EVGA Teases (Yet Pleases) At CES With New Laptop, iCX Cooling, Modular Water Coolers

EVGA had some impressive upcoming products displayed in its Bellagio suite at CES, including a new graphics card cooling solution, gaming laptop, and its upcoming modular CPU water cooler.

iCX Is Cooler (And Safer)

EVGA seems to be moving away from its flagship ACX 3.0 cooling solution in favor of a new patent-pending iCX cooler. The company couldn’t reveal hard specs (due to the cooler’s patent-pending status), and the new cards look strikingly similar to the previous ACX-cooled graphics cards. However, there were several notable upgrades we could see, including thermal pads, a changed backplate material, and different fans (all of which are presumably better). But why is EVGA coming out with a new brand of cooling now? We have a theory about that.

Not long ago, a number of EVGA 10-series GPU owners were reporting abnormally (and in some cases, dangerously) high VRM temperatures and the issue seemed to affect the entire gamut of ACX 3.0-cooled SKUs. The company did right by its customers by quickly responding with VBIOS updates for the entire ACX 3.0 cooling lineup. EVGA even offered to ship (or replace) additional thermal pads to rectify the supposed flaw, despite its assertion that the company’s internal retesting had found that the GPUs were operating within tolerance.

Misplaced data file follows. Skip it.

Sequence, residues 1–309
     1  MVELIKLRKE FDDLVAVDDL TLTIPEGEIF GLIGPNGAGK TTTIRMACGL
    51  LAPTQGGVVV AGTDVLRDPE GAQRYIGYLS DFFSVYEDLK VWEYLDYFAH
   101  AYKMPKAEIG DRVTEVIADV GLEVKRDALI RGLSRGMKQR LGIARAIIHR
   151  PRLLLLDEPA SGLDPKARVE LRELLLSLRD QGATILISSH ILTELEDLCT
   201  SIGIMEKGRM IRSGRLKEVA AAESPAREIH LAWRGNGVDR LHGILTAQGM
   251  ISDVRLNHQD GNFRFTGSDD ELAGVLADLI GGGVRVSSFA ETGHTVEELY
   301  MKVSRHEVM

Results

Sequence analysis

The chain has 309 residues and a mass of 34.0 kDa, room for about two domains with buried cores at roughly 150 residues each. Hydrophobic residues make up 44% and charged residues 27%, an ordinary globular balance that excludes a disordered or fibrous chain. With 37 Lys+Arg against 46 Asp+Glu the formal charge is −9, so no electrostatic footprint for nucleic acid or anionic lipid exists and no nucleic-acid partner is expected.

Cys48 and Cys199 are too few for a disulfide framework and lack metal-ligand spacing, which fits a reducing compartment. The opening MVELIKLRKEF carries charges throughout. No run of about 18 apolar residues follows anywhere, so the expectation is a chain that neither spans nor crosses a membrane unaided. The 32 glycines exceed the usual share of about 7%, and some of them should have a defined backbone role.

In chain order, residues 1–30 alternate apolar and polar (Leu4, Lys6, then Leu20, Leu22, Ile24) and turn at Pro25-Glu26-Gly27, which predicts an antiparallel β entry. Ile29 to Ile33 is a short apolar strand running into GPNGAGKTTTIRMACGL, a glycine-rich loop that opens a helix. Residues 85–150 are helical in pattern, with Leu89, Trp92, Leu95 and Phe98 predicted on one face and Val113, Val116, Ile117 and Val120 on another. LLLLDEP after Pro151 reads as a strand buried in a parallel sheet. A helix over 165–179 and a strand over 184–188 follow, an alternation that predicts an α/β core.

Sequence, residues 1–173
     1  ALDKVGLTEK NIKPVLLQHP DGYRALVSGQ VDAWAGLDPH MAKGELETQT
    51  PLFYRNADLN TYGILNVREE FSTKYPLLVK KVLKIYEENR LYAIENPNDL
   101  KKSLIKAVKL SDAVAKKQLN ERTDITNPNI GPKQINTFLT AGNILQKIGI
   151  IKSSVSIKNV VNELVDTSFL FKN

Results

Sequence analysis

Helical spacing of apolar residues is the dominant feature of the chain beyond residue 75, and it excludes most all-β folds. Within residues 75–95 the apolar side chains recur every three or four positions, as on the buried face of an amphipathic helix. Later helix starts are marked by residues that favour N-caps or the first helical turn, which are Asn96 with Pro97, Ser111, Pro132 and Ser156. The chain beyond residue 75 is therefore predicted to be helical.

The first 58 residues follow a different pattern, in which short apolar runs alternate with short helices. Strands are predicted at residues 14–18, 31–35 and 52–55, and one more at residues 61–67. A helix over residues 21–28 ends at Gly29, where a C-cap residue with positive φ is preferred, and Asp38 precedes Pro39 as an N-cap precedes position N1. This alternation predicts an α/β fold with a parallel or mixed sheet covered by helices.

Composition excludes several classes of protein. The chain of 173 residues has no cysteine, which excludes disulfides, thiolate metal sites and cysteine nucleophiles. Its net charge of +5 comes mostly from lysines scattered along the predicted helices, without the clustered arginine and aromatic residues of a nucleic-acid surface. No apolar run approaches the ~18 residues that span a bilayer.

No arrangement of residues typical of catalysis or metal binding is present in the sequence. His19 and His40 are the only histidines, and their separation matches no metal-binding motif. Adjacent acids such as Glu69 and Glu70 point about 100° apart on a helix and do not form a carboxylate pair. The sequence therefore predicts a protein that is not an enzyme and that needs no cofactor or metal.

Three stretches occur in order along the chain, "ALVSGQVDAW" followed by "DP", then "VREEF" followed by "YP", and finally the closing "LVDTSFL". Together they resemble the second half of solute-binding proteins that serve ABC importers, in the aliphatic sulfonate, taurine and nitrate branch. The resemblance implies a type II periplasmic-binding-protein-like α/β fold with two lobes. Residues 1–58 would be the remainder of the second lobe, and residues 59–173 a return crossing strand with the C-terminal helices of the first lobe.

Although the high temperatures seemed to only occur with specific workloads (particularly Furmark) and every ACX 3.0 graphics card shipped after November 1, 2016, was updated, this could have been the final nail in the ACX cooling coffin (this wasn’t the first ACX-related issue we’ve seen in the last few years). We see the new iCX -branded graphics cards as a vehicle to not only give EVGA the opportunity to improve its graphics cooling from a design standpoint but also to deviate from a seemingly-tarnished namesake of ACX cooling.

We probably wouldn’t have been prone to this theory if EVGA didn’t slap “game with safety and peace of mind” on its promotional materials for the new iCX cooling solution, with the tagline somewhat implying that perhaps EVGA customers are seeking exactly that (possibly as a result of the recent ACX cooling-related issues). It’s also entirely possible that the new coolers could have been in the development pipeline for some time, and that it may not even be a direct replacement for ACX cooling (but rather, a premium alternative). Whatever the case may be, we’re excited to see EVGA offering improved shroud designs for its mostly-overclocked GPU lineup, and they certainly look cool.